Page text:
Isaac’s New Insides: Make No Miz-take! Mr. Unzipped Takes His Design Instincts to Corporate Stratospheres

When Chanel Inc. withdrew as the backer of Isaac Mizrahi’s

ready-to-wear line in October 1998, it seemed like an apocalypse for a

generation of fashion designers. A plucky downtowner with an outsize

personality, and the son of a New York

garment wholesaler, Mr. Mizrahi, 39,  was part of a cadré of designers

attempting to translate lower Manhattan street

style for the Madison Avenue lady. He was a creature of 1990’s marketing whose

name became a household word with the 1995 documentary, Unzipped . Then he lost his patron, and a month later his comrade,

Todd Oldham, announced that he, too, was closing up shop.

Mr. Mizrahi is still reeling from those bad times. He’s

pursuing a year-old $30 million lawsuit against Chanel and its subsidiary,

American Fragrances Inc. (he charges breach of contract and wants the rights to

his name back), and he has publicly licked his wounds in an autobiographical

off-Broadway one-man show and cabaret act, LES

MIZrahi .

But for the last two years, Mr. Mizrahi-an invention of the

fashion world-has been doggedly trying to reinvent himself.

This fall, his talk show will debut on the Oxygen TV network. And, with

architect H. Thomas O’Hara, who has collaborated with Robert A.M. Stern, Mr.

Mizrahi is helping to design “superluxury” pieds-à-terres

on West 42nd Street, just

down the street from Bryant Park, where he used to romp on the runway.

“I don’t know why, but this project just really appeals to

me, because I can do it and say to the world that I did it on my own,” said Mr.

Mizrahi on Aug. 2. “My show on Oxygen is just another example of doing exactly

what I please. That’s the only way I can live my life is to do exactly as I

please. And opportunities arise and I have to take them.”

But Isaac Mizrahi, Act II, causes him a certain level of

anxiety nonetheless. “I always say, ‘How does a woman get pregnant for the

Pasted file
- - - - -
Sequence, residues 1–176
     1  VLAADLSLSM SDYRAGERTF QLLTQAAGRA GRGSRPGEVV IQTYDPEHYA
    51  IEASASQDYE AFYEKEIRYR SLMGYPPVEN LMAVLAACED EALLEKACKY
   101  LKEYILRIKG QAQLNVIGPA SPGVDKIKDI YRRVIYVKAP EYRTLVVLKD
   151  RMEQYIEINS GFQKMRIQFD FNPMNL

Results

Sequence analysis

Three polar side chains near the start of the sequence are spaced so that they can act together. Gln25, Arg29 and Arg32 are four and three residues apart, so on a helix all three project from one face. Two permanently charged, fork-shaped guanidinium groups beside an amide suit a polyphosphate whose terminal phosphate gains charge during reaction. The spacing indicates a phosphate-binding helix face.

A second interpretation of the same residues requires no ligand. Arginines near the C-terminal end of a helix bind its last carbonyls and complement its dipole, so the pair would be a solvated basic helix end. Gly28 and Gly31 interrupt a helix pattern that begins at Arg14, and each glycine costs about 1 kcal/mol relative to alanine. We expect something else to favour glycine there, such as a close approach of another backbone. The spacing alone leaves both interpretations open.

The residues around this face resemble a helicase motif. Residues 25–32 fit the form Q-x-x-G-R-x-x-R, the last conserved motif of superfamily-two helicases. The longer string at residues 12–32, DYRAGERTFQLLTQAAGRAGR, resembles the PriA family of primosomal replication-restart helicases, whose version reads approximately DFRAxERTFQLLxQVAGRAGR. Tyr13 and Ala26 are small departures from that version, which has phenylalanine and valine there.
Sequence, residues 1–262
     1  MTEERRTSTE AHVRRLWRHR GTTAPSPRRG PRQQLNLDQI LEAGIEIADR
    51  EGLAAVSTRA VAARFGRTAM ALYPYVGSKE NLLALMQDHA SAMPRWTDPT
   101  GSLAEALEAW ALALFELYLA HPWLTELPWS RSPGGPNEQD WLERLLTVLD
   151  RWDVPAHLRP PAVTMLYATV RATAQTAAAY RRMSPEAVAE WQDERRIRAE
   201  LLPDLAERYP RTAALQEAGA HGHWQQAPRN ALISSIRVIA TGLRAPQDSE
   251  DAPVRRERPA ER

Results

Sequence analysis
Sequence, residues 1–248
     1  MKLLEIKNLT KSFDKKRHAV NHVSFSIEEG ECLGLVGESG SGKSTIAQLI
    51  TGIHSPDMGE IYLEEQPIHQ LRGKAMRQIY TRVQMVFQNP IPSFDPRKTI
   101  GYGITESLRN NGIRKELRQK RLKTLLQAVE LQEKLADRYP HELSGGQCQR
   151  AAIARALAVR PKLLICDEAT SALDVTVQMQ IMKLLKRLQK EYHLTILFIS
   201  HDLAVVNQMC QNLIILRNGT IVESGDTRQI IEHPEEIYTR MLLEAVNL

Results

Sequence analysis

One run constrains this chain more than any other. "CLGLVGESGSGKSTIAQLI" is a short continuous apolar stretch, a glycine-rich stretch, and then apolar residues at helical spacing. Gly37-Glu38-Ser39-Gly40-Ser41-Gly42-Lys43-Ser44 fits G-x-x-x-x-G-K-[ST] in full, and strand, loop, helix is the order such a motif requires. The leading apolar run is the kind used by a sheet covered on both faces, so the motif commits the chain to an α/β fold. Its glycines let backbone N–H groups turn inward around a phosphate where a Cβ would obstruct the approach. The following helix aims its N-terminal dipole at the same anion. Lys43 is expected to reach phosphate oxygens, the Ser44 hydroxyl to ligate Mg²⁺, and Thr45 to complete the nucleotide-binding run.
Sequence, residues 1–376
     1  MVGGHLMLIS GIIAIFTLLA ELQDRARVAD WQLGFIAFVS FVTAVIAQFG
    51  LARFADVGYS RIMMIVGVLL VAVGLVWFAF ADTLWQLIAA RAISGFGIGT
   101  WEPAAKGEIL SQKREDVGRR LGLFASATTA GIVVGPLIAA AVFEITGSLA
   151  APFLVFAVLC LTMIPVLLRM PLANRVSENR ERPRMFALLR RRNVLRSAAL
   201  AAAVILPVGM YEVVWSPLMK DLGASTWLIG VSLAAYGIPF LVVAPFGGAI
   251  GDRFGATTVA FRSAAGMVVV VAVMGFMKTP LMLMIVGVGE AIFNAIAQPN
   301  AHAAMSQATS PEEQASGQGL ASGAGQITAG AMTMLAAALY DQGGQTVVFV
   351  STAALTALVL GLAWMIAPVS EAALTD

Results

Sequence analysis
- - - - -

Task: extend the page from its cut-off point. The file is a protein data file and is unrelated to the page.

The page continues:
second or third time?’ Somehow God endowed her with this forgetful nature, so

she forgets how hard it is. In fact, I keep taking these projects on, and I am

able to just forget how horrible it is until the last second. And sometimes

they’re beautiful children, or sometimes they’re horrible drug-addict children

who assault their parents.”

For his new baby, Mr. Mizrahi sees “a beautiful prewar

limestone-a little bit of the Plaza on 42nd Street

… a beautiful sort of limestone residence building on the Park

Avenue of the future. It’ll have all those luxury proportions of

prewar, so I’m kind of enthralled with the whole thing.”

Then he draws back a little: “That’s what it looks like in

my head.”

Actually, the  red-brick exterior of the 1927

building at 113 West 42nd Street,

between Sixth Avenue and

Broadway, will remain intact. Mr. Mizrahi is charged with making over the

inside into 26 small studio and one-bedroom apartments, two per floor, and just

for fun-and lots of money-a triplex penthouse. This includes designing the

architectural finishes: appliances, hardware, windows, floors and lighting. The

total budget on the renovation is about $8 million. The developer, Mitchel

Maidman, will be charging from $700,000 for a 900-square-foot studio to $8

million for the triplex-that is, once he settles a bitchy 30-year-old battle

with the Durst family over ownership of the building.

But the Durst situation

is Mr. Maidman’s challenge. Mr. Mizrahi’s challenge is more personal. “I’m not

approaching this different from the way I’ve always approached designing anything,”

said Mr. Mizrahi. “Whether it’s a dress or a stage set, it’s all the same